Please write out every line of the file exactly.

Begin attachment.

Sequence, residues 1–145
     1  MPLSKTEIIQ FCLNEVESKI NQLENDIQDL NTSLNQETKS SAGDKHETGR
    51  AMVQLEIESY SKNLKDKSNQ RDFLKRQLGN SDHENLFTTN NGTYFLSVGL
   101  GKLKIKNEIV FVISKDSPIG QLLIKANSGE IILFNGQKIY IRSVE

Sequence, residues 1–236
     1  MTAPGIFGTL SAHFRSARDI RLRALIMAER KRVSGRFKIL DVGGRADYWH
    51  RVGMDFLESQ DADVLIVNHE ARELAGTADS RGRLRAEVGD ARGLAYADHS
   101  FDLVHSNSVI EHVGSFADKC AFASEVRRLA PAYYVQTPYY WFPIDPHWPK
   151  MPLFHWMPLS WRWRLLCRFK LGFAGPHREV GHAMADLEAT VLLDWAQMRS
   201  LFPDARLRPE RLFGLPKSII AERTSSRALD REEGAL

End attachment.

Sequence, residues 1–145
     1  MPLSKTEIIQ FCLNEVESKI NQLENDIQDL NTSLNQETKS SAGDKHETGR
    51  AMVQLEIESY SKNLKDKSNQ RDFLKRQLGN SDHENLFTTN NGTYFLSVGL
   101  GKLKIKNEIV FVISKDSPIG QLLIKANSGE IILFNGQKIY IRSVE

Sequence, residues 1–236
     1  MTAPGIFGTL SAHFRSARDI RLRALIMAER KRVSGRFKIL DVGGRADYWH
    51  RVGMDFLESQ DADVLIVNHE ARELAGTADS RGRLRAEVGD ARGLAYADHS
   101  FDLVHSNSVI EHVGSFADKC AFASEVRRLA PAYYVQTPYY WFPIDPHWPK
   151  MPLFHWMPLS WRWRLLCRFK LGFAGPHREV GHAMADLEAT VLLDWAQMRS
   201  LFPDARLRPE RLFGLPKSII AERTSSRALD REEGAL